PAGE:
On Your Marks, Get Set, Toes!!!
After the three runs I realized I was not improving, my legs hurt and I needed to change how I ran before thing got worse, and trust me I had been there before, 2 years ago when I tried and quit running all in a short few month period. I had not slid on the knee brace yet, so I knew there was still time. That’s when I remembered hearing about people who really enjoyed running in their Vibrams. Remembering the story that the Salesperson at REI told me I knew that if I were going to run in my Komodo Sports, I was going to have to be very cautious, and take things slow at first. The Vibram website recommends running 10% of your usual distance and work up. On August 3rd, I slipped on my Komodo Sports and headed to work planning for a beautiful summer’s day run during lunch. What happened next can only be described as some sort of miracle. I started out on my run and instantly noticed is the lack of pain in my shin and knees. My stride seemed longer, and I felt faster! This would all be validated the more I ran, as my SportsTrack Live application indicated that I was running at 9.5 mph? 9.5 mph! What, how? I could not believe what I was hearing, and what I wasn’t feeling, PAIN!!! I was pain free and cruising down the path. I figured that at some point I would need to turn back as this was going to start to hurt and I did not want to walk back to work. Remember, the Vibram website says to only run 10% of your usual distance. Well at my current pace, I was at the half way point before I knew it! I felt great so I just kept running. When I was back to work, I took a look at the SportsTrack Live report and was surprised to see that I had run 5.52mile in 35m 23s with an average pace of 9.37mph!!!
The next day I had none of the usual pains or aches. That is not to say that I did not hurt, my calves were tight, and still are 3 days later. I attribute this to the change in form, as I seemed to be running on the forefoot and ball of my foot with little heel contact with the ground. This meant that my calves were engaged and propelling me the entire time. I recall feeling very spring loaded and light! I began to research this to see if anyone else had every experienced a similar reaction to running in the Vibram Five Fingers, and came across this article about a Runner named Harry Summers of Australia that has aspirations for the 2012 London games.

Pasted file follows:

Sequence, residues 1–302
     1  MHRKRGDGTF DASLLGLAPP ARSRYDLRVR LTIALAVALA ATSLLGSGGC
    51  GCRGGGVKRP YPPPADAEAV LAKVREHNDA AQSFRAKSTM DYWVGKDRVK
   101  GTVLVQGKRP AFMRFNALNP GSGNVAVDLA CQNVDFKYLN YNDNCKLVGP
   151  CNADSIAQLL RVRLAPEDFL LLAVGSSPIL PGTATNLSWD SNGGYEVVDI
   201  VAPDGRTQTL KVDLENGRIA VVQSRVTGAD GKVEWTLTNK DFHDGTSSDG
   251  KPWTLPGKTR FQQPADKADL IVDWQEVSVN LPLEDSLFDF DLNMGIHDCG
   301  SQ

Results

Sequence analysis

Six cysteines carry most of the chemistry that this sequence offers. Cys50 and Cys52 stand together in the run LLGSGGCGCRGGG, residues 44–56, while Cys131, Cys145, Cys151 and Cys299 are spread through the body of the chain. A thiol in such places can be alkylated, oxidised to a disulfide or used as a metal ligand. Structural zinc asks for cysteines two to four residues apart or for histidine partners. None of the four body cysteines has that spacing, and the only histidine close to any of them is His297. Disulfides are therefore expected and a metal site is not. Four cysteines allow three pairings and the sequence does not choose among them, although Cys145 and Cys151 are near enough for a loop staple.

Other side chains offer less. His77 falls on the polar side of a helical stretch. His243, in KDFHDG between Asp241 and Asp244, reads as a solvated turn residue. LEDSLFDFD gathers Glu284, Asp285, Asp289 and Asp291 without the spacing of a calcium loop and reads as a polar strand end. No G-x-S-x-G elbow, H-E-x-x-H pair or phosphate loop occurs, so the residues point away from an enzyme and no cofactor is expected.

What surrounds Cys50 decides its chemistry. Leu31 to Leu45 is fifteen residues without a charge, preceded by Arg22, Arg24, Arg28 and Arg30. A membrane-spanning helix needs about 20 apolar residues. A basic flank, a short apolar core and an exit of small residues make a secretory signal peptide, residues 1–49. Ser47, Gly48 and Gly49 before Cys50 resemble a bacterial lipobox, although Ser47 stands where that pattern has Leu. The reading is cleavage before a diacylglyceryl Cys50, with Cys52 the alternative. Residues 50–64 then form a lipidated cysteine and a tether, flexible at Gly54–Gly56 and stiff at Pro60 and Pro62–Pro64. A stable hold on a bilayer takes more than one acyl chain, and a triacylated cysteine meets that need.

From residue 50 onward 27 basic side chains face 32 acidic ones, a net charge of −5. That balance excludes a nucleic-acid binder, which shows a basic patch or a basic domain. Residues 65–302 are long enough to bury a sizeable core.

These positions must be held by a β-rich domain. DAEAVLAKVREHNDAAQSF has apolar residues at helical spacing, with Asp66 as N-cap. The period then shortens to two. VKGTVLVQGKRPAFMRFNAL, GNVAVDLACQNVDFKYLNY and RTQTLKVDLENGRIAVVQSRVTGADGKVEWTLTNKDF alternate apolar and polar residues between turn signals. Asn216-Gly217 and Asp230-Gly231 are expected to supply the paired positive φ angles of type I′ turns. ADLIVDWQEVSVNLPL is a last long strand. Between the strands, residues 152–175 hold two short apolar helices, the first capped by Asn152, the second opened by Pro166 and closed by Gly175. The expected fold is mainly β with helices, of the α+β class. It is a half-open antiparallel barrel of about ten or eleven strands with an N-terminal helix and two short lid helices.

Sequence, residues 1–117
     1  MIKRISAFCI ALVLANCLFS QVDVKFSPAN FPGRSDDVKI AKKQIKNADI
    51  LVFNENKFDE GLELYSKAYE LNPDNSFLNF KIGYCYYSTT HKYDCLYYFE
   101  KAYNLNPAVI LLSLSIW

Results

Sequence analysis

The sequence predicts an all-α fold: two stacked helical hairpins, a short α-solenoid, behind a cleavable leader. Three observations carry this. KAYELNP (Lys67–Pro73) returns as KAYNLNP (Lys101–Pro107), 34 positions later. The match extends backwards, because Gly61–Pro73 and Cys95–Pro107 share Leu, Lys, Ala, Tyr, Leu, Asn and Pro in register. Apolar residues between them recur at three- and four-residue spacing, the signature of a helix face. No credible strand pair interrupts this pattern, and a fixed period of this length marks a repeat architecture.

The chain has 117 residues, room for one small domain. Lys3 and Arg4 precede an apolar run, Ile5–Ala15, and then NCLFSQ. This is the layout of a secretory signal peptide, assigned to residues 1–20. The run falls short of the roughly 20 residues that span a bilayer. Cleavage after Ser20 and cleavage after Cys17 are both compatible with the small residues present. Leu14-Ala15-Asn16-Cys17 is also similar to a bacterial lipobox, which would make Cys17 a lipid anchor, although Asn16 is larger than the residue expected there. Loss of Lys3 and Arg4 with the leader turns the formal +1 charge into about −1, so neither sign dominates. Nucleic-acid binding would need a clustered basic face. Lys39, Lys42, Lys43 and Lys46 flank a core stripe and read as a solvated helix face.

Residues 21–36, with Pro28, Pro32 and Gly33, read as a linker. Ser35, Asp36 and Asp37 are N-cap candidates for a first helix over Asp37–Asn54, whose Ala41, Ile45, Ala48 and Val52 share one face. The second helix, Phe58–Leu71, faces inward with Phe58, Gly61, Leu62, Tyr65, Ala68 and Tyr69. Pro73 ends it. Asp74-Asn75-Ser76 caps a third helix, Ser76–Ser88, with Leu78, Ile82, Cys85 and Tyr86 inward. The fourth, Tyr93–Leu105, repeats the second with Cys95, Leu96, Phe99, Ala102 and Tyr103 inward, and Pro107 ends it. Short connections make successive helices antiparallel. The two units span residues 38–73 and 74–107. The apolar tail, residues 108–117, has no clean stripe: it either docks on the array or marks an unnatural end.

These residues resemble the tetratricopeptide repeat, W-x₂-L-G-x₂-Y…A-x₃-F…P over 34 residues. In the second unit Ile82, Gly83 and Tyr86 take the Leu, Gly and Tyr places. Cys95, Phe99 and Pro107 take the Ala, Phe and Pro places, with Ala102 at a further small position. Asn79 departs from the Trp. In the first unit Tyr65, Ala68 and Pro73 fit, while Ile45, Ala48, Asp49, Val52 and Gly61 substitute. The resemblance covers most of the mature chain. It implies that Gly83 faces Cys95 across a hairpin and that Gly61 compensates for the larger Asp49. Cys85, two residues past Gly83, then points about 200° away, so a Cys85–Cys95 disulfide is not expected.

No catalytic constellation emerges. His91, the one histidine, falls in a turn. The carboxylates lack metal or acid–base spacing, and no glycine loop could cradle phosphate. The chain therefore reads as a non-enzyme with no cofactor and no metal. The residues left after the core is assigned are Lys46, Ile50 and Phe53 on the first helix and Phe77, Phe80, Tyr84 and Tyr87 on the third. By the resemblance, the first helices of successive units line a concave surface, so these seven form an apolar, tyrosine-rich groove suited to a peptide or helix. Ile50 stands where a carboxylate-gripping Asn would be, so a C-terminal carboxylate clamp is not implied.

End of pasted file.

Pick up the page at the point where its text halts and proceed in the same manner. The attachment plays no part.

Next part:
I will continue to run in the Vibrams, but have purchased a minimalist Suacony Shay XC running show for use in the Tough Mudder. Since it is specifically designed for Cross Country terrain I am hoping that it will give me the traction to climb the Everest wall, and be thin enough to not become weighted by the water obstacles as did my running shoes when I did the Polar Bear plunge during the Gladiator. To top it off, they came in Tough Mudder Orange that will go awesome when I get my Tough Mudder headband…
So if you’re thinking about getting some Five Fingers, I hope I have given you a little more incentive as they have truly made a believer out of me! If you were to take even one piece of advice away from this article, I would advise you to please take it easy, and if you want to do some further research, read the below post about others who have opted to run in the Vibram Five Fingers.
Had I read these posts, I might have run a little slow and shorter in distance until my legs had become accustom to the change in muscle engagement and stride.